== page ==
Posted by Mr. Zane Wilson, Director of Brokerage Services, Catalyst Corporate FCU on 5/28/2020

With Treasury yields at historical lows and fewer attractive investment alternatives, many credit unions may have high levels of cash on their balance sheet. And while investments with an embedded call option offer a higher yield, credit unions may also want to consider adding non-callable investments to their portfolio to help reduce call risk when market rates are low. An extended low interest rate environment can wreak havoc on portfolio returns and credit union return on assets (ROA). Weighing credit risk vs. yield with Bank Notes

Credit unions primarily use non-callable certificates of deposits (CDs) and government agency securities to add structure to their investment portfolio and reduce reinvestment risk or call risk. The term “structure” is used because these investments will not disappear or pay down faster when rates decline.

One underutilized investment option for credit unions looking to achieve that structure is bank notes. Bank notes offer a higher yield than CDs and non-callable government agency securities.

Greater risk, greater yield spread

Credit union-eligible bank notes are senior, unsecured obligations of U.S.-chartered state and national banks. Unlike most CDs, bank notes are not covered by federal deposit insurance, which means investors are exposed to the credit risk of the issuing bank. To compensate for assuming this credit risk, bank note investors are paid an incremental yield spread. As the perceived credit risk of the issuer increases, the yield spread grows.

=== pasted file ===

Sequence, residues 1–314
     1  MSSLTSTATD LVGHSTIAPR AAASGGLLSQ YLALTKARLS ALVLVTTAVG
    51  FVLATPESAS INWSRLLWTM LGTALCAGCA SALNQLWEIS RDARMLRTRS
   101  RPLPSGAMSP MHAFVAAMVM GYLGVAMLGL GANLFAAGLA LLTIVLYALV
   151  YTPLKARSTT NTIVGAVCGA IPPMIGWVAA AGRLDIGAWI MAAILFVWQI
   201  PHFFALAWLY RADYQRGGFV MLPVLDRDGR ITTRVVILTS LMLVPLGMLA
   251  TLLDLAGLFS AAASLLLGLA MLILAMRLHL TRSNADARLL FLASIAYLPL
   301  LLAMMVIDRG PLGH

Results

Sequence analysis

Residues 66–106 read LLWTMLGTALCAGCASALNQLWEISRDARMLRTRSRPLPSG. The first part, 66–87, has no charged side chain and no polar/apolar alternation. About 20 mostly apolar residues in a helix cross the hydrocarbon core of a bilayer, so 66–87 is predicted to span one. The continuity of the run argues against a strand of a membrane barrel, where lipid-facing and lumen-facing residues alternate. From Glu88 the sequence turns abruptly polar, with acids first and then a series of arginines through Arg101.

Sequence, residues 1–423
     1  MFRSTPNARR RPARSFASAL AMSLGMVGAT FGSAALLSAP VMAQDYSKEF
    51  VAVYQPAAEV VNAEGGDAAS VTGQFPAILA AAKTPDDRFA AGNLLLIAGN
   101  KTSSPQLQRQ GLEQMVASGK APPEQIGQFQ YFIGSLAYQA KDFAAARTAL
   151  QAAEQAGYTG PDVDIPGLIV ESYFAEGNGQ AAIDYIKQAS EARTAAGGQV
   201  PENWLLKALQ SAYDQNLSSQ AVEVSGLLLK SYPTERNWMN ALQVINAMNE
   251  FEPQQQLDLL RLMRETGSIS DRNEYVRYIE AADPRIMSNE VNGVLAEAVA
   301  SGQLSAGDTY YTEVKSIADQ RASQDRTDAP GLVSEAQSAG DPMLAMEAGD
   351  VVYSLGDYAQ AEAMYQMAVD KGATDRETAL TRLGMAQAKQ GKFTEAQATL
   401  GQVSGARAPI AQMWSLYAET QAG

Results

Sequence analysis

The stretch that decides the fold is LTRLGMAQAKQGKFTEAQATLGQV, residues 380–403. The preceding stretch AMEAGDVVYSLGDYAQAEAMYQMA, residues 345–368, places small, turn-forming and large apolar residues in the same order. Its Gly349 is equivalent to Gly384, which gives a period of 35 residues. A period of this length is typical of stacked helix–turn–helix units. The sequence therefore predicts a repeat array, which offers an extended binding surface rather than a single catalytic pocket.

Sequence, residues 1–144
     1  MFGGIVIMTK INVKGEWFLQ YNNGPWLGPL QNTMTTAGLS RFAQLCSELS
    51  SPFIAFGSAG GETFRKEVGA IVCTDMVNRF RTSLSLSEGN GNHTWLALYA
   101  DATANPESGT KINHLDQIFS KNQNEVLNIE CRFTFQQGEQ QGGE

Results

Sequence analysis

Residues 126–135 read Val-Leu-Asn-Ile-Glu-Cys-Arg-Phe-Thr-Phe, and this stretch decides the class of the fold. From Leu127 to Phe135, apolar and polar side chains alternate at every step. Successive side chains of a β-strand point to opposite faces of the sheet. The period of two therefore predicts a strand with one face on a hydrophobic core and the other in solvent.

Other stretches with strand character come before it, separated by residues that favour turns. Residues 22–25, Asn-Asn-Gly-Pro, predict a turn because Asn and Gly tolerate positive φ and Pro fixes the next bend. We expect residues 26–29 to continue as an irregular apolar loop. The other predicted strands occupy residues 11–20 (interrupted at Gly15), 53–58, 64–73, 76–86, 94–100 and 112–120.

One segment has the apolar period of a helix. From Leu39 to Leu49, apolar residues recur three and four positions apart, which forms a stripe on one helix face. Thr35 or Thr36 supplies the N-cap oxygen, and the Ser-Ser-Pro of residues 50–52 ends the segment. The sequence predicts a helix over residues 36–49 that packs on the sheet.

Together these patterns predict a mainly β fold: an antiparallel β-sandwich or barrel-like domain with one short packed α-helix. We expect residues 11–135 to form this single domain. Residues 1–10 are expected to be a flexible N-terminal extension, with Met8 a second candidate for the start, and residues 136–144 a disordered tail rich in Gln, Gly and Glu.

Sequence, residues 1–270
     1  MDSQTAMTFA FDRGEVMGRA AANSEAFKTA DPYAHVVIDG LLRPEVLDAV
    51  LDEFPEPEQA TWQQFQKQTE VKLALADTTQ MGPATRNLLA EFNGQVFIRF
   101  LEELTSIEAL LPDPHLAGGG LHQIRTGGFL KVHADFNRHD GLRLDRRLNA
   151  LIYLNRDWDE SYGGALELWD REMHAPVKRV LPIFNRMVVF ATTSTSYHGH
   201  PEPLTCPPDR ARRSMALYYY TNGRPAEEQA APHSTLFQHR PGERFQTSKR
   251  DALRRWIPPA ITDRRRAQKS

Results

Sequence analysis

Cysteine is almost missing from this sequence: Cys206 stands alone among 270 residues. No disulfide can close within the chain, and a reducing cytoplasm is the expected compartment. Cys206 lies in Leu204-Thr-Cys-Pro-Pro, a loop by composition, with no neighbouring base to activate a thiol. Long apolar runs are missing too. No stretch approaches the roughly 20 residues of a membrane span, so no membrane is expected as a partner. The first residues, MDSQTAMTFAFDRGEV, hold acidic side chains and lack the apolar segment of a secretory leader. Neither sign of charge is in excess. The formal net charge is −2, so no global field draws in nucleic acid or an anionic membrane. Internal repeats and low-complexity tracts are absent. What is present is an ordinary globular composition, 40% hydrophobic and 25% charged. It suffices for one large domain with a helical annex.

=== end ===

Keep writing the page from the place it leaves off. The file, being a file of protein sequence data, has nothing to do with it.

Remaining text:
Credit union bank note regulations

In March 2016, the National Credit Union Administration (NCUA) approved a rule change giving credit unions access to a larger pool of permissible bank note investments. As outlined under NCUA Regulation 703.14(f)(5), permissible bank notes must meet the following criteria: 1) The issuer must be a national or state bank, the accounts of which are insured by the FDIC; 2) The remaining maturity must not exceed five years, though the original maturity can be longer than five years; and 3) The bank note must be a senior obligation of the issuing bank and may not be a subordinate note.